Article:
Casino Sanremo boasts hosting many famous names in its 110 years of history and has many artistic “jewels”.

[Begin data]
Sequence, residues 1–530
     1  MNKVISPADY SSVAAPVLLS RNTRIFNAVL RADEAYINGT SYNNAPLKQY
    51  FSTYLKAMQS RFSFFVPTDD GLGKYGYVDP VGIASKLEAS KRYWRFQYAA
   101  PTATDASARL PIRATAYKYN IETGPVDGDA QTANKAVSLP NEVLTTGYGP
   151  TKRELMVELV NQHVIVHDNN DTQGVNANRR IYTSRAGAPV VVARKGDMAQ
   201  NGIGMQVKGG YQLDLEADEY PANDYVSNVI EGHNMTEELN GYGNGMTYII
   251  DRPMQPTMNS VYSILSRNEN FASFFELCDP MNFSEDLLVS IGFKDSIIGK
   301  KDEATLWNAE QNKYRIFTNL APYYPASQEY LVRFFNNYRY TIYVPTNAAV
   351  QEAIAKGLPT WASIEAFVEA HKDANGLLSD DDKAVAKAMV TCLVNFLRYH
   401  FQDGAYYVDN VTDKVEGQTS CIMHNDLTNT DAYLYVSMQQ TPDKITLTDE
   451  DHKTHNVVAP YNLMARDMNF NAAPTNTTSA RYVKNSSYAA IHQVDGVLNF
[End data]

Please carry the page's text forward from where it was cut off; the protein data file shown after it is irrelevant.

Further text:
Gallery of friends The casino enjoys the friendship of many distinguished people who helped shape the image of the establishment over the years. After the war, Carlo Dapporto played the first of his "Riviera Folies" shows in the old Sanremo Ballroom, which then toured around Italy and Europe. Edoardo and Peppino De Filippo were enthused by the games at the Teatro della Casa and often performed there. Edoardo later said: “At four o'clock in the afternoon, just to spite the waiters, Peppino and I used to make our entrance performing the Schottischer dance towards our corner table in the casino restaurant for breakfast at tea time .... After that we sometimes headed upstairs. I can’t tell you if I won or lost. All you need to know is that my favourite number is 14 and I never bet on the colour. We are what we are, right? I’m still looking for a million…" Edoardo De Filippo Peppino De Filippo instead recalled: “I like Sanremo: when I think that from inside those casino walls you can come out rich, I get goosebumps, I go shy, I get lost among the numbers, the 14 and 24, and 26 and 16, and I put my tokens back in my pocket….that’s just the way I am. In those rooms they may well have met Vittorio De Sica, King Gustav of Sweden, King Leopold of Belgium, Ranieri and Grace of Monaco or King Faruk, who in the 50s visited the green tables on a daily basis. During a game of poker he proclaimed himself the fourth king, having another three in his hand. It was an unorthodox poker but one which nobody contested. Vittorio De Sica often returned to Sanremo, mostly in the festival period. He played and he had fun, saying “With all that I’ve wagered I could lay claim to the right tower of the casino” Even today there is still this close connection to the world of show-business, culture, art and high society. Historic and artistic facts. The origins of today’s playing cards date back to the age of the Egyptian dynasties. The pharaohs entrusted their decision-making to their high priests, who were able to predict natural events through numbers. Thus the first calendar was made. After that, similar systems of premonitions about the future were transmitted to other populations by the Hebrews. Many distinguishing elements of the ancient Hebrew and Egyptian calendars are reflected in the cards used today. Through tarot cards and fortune telling cards in general, playing cards seem to date back to Ancient Egyptian times. There are many parallels which prove this similarity. There are 52 cards in a deck, as with weeks in a year. The value of each card, if added up, gives a total of 364; add two Jokers and the number is 366: the number of days in the Egyptian calendar. Furthermore, the deck is divided into four suits, just like the seasons of the year, and every suit has numbers from one to thirteen, just like the lunar months of the Hebrew calendar. There are also four kings, which would seem to invoke the four elements: water, air, earth and fire. The “Cica Cica” lucky foot. Sanremo casino goers, to bring themselves a little luck, carry out a regular ritual: touching the foot of the “La Cica” marble statue found at the casino entrance. The sculpture was made by Odoardo Tabacchi and is known as the “Cica Cica” or simply “la Cica”. The community administration of Sanremo won it in a competition from the Turin exhibition of sculpture back in 1884. The statue has been bringing luck to players since the casino was founded, when it was brought to the games room of Sanremo Town Hall. It represents a naked damsel sitting on a rock, with her arms folded expressing imploration, invocation and perhaps one-upmanship, which is reflected in the name "cica-cica". The art critic Ugo Fleres decribed her as “...So beautiful and happy a young girl, she surpasses all her friends and perched on her little stone, she recites the mocking verses of the Cica Cica to those who are still splashing in the water….” Not so much for the nudity as the realism with which her appearance is depicted, the statue was considered too “indecent” to be displayed in the town hall and far better suited to the games rooms of Casinò Sanremo. When the casino opened, the Cica found her new permanent position in the spacious rooms of the grand building. The gesture of incantation against misfortune and her beauty straightaway made her the players’ lucky charm in the gaming house. The Bronze of “The Fisherman”. Among the artistic “jewels” kept in the casino, one can admire a precious copy of “The Fisherman” (Museo Nazionale del Bargello di Firenze) by Vincenzo Gemito (Napoli 1852 - 1929). The realistic bronze, which resides on the first floor, is rather a late work by the artist, towards the end of 1922, probably incomplete. The sculpture represents a young man in the very moment he disgorges the hook from a fish he’s just caught. It has an exceptional realism about it, which captures the cheery and carefree spirit of the young man, even describing every little anatomic particular.